Recap for April 12, 2016 Meeting

Slack Log (Requires SlackSlack Slack is a Collaborative Group Chat Platform The WordPress community has its own Slack Channel at login to view. Set one up if you don’t have a Slack account)

  1. Welcome
  2. Lesson plan updates
    1. @bethsoderberg will write the post about what needs to happen with the speaker lessons.
  3.  Copyediting updates
    1. @toniaslimm finished a first copyedit of the Static Page as a Homepage plan.
  4. Volunteering for Tier 2 PluginPlugin A plugin is a piece of software containing a group of functions that can be added to a WordPress website. They can extend functionality or add new features to your WordPress websites. WordPress plugins are written in the PHP programming language and integrate seamlessly with WordPress. These can be free in the Plugin Directory or can be cost-based plugin from a third-party Lessons
    1. @melindahelt will work on “Managing Spam on your Site”
    2. @chanthaboune will work on “Connecting Your Sites”
    3. @c3zh will work on “Adding Forms to a Site”
    4. @Becks979 will work on “What is WordFence Security”
    5. @melindahelt will work on “Plugins: Where to find Answers”
    6. @bethsoderberg will work on “Editing Plugins and Themes” (and will think up a better title!)
    7. @chanthaboune will work on “Site Backup”
    8. @toniaslimm will work on “Keeping WordPress Sites Secure”
    9. @bethsoderberg will work on “Migrate, Copy, or Clone a site”
    10. Would @taupecat be interested in/have time to work on “Adding Additional Fields”?
    11. Though not a plugin lesson, @juliekuehl suggested (and we all agreed) that having a plan on how WordPress image management works would be hugely helpful. We collectively thought that adding a plan like this to Tier 1 would be useful and @melindahelt may attempt to add this to Pittsburgh’s training over the next few weeks. If she can, she’ll format what she’s done in lesson plan format.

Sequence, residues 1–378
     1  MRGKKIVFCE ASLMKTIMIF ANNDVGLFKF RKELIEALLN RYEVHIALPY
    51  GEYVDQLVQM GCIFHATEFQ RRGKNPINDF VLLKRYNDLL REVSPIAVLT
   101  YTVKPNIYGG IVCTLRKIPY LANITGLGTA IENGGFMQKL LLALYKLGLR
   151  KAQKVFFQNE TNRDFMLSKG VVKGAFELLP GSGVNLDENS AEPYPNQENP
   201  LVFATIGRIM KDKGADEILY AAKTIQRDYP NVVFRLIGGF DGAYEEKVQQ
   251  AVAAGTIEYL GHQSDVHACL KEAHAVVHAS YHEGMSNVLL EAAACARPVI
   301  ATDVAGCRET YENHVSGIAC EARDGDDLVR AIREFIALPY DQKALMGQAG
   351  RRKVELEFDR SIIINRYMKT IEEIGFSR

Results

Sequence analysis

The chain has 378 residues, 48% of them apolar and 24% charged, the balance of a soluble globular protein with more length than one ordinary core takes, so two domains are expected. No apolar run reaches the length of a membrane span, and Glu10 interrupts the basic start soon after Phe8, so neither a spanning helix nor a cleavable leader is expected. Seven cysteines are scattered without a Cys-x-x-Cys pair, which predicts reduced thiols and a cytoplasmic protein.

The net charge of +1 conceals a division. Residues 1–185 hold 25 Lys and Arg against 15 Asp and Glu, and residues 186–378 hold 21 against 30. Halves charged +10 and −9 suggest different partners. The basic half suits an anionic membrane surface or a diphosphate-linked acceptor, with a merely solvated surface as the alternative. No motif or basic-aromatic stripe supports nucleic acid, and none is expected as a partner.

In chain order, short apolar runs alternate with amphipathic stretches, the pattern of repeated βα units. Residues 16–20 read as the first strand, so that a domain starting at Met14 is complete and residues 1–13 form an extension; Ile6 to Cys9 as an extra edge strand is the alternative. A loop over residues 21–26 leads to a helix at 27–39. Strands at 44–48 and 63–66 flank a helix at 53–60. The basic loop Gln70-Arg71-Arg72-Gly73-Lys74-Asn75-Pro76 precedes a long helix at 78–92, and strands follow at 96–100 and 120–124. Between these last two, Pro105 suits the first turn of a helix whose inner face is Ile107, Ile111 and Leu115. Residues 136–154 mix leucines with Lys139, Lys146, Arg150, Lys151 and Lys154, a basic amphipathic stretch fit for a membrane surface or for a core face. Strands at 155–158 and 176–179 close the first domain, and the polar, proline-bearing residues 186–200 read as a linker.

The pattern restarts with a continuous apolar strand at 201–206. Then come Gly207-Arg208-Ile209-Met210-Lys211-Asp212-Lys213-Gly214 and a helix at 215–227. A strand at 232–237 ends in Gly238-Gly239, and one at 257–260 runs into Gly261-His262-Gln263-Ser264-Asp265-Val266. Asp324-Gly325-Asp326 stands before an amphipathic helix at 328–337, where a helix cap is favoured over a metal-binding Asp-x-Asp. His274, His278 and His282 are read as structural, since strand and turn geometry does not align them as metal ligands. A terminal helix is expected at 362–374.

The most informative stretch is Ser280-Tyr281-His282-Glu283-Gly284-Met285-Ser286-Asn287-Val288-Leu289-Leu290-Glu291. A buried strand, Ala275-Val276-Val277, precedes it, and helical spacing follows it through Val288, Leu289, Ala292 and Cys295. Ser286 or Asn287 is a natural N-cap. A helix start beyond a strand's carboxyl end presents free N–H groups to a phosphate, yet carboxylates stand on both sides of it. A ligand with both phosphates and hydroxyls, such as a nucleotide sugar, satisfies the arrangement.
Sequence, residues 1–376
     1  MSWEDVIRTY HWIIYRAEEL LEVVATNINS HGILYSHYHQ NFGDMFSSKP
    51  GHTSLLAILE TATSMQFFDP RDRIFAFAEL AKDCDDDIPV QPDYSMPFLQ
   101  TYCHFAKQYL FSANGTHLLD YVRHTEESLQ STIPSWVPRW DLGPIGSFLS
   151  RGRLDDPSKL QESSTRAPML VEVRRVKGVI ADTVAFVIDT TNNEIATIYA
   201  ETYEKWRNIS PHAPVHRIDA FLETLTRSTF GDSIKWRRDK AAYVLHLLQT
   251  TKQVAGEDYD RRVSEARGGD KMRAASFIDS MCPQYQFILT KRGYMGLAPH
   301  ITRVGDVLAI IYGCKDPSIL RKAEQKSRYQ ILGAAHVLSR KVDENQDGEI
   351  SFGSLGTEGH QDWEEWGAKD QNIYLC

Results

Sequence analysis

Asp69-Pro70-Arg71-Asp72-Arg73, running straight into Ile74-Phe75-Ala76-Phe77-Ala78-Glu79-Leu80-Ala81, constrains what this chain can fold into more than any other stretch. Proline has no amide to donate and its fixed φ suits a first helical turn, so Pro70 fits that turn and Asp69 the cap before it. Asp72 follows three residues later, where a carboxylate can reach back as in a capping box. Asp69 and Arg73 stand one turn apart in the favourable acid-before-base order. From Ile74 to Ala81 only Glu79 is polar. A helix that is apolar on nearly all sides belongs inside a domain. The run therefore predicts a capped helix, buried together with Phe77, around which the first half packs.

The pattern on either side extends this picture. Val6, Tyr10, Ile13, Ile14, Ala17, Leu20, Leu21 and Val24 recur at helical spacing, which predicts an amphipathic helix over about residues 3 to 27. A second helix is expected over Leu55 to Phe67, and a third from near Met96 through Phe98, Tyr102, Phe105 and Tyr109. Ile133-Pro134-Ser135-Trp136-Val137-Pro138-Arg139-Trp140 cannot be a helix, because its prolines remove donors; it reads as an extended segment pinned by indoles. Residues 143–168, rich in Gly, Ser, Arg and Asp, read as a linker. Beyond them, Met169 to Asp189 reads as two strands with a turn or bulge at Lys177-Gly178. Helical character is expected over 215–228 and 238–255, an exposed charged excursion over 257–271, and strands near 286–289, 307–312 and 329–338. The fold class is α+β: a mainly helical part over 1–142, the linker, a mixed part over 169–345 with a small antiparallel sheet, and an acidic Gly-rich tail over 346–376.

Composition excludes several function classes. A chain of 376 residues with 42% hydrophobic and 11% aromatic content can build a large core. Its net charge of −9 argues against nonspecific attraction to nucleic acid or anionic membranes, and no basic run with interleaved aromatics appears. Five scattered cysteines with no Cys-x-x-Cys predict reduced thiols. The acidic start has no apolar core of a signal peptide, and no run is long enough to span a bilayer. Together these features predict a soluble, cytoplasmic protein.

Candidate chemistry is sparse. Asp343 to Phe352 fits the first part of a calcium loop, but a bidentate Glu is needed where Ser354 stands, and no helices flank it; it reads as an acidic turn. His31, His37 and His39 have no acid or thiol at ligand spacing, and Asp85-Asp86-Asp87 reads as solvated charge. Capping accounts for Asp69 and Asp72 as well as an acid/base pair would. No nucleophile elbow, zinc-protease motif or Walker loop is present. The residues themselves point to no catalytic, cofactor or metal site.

5. Tier 2 Theme Lessons
    1. From all of our brainstorming the last few weeks, the initial list of Tier 2 theme lesson plans that we’re considering include:
      1. Anatomy of a Theme (ready to test)
      2. Evaluating a theme (in spreadsheet)
      3. Finding a Theme for Your Site (use from Tier 1)
      4. Activating Themes on Your Site (use from Tier 1)
      5. Basic Theme Configuration
      6. Include how to find theme-specific configuration documentation.
      7. CustomizerCustomizer Tool built into WordPress core that hooks into most modern themes. You can use it to preview and modify many of your site’s appearance settings.
      8. Intro to Theme Testing (in spreadsheet) – needs definition
    2. @juliekuehl suggested a lesson plan on how to configure widgetWidget A WordPress Widget is a small block that performs a specific function. You can add these widgets in sidebars also known as widget-ready areas on your web page. WordPress widgets were originally created to provide a simple and easy-to-use way of giving design and structure control of the WordPress theme to the user. areas for a homepage that are built into a theme. She will work on this plan.
    3. We brainstormed things that we frequently do with the customizer and had a few other suggestions for these lesson plans:
      1. @tlctara suggested favicons and the new 4.5 logo option
      2. @c3zh suggested “Css changes, taglines/logos, and static front pageStatic Front Page A WordPress website can have a dynamic blog-like front page, or a “static front page” which is used to show customized content. Typically this is the first page you see when you visit a site url, like for example. or not”
      3. @mikemueller suggested “Site icon, HeaderHeader The header of your site is typically the first thing people will experience. The masthead or header art located across the top of your page is part of the look and feel of your website. It can influence a visitor’s opinion about your content and you/ your organization’s brand. It may also look different on different screen sizes. image, background images”
      4. @juliekuehl suggested “Menus in the Customizer”
      5. @courtneyengle suggested that “simply mentioning that some things in customizer can be done in 2 places would be helpful, and vice versa in their lesson plans…. menus, widgets, site title, etc….cross-link the lesson plans, and mention that people can do these from either place”
  6. @chanthaboune very eloquently thanked everyone for contributing: “What you all are doing is fantastic; creating lessons to help people know WordPress better. But how you do it is even better. People come for the WordPress, but they say for the warmth. They stay because you all are welcoming and non-judgemental and kind. This work can feel really thankless, so I’m taking a moment to thank you all.”